Crystal Bowersox‘s “Me and Bobby McGee” was yet another crunchy granola acoustic jam, this time with a rug on the stage! She really makes it seem effortless, but homegirl has to mix it up with the musical choices in the upcoming weeks if she wants to be a true contender. Enough with the Starbucks music. Take a page out of the books of Lambert, Cook, Allen et al, and find a song that isn’t from your genre of music, and revamp it to fit said genre. Otherwise, I think Mamasox will find herself amongst the eliminated former front runners, including but not limited to Chris Daughtry, Jennifer Hudson, and Melinda Doolittle.

I missed Big Mike‘s performance; I’m not sad at all. I don’t like him.

Andrew Garcia‘s performance of “I Heard It Through the Grapevine” was cheesy and amateurish. I know, I know, this is an “amateur” talent competition, but I’ve seen more skill from drunken coeds doing karaoke. He lost the guitar and gained a whole lot of awkward stage presence. I won’t be surprised if he’s in the bottom three tonight.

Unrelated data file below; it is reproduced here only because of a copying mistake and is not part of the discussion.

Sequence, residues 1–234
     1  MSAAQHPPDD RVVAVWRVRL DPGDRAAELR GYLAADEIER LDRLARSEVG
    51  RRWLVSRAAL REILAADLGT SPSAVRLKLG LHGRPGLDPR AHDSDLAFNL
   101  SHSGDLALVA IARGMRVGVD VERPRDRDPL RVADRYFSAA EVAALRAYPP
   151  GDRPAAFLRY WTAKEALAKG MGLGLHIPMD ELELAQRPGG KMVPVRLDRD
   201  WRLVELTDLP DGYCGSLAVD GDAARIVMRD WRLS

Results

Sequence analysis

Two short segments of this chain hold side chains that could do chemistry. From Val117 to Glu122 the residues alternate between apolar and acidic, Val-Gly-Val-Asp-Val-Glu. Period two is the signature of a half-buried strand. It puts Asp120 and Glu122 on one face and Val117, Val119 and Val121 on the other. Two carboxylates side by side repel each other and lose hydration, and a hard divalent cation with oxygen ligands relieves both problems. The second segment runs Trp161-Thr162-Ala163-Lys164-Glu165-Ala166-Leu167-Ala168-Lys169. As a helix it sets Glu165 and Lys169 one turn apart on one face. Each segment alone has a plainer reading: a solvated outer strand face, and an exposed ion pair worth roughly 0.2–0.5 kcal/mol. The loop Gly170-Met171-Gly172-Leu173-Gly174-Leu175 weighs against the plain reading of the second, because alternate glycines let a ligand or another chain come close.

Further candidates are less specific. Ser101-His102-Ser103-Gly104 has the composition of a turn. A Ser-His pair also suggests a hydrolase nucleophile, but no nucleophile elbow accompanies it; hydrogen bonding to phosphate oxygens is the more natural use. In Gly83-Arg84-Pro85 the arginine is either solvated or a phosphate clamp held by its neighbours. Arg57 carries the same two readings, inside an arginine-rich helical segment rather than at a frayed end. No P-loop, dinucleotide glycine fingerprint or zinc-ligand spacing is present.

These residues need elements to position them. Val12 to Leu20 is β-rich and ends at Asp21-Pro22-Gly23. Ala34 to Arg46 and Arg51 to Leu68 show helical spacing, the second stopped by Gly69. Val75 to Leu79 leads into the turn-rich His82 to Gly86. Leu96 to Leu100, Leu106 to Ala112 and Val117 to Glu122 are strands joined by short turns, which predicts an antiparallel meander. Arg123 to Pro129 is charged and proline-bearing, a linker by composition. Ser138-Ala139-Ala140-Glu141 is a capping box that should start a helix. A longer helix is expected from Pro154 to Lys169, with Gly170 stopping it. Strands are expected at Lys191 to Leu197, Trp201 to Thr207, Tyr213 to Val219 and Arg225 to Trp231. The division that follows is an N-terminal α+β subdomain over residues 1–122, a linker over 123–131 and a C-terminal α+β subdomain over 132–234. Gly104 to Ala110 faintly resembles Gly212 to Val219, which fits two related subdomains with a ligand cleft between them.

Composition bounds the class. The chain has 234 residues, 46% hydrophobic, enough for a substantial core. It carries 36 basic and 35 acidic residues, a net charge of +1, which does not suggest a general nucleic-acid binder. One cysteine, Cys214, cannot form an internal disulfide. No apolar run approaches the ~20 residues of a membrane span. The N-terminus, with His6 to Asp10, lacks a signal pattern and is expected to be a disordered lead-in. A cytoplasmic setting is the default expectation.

Katie Stevens‘ attempt at being young and cool resulted in ill-advised suspenders and Fergie’s “Big Girls Don’t Cry.” It reeked of high-school talent show. I just can’t get behind Katie as a valid contender for the Idol crown. Her voice is great, just not technically at the level it should be to compete on a nationally televised talent competition.

I may be the only person who enjoyed Casey James‘ “The Power of Love.” Sure, Huey Lewis and the News isn’t the most current song choice, but Casey’s vocals were great. I could have done without the horn section blasting down from the band loft; they definitely contributed to the outdated feel that Randy spoke of, and they pretty much muted Casey’s guitar playing. (I did quite enjoy his comment to Miley that he’s a big fan…of her father. Zing!)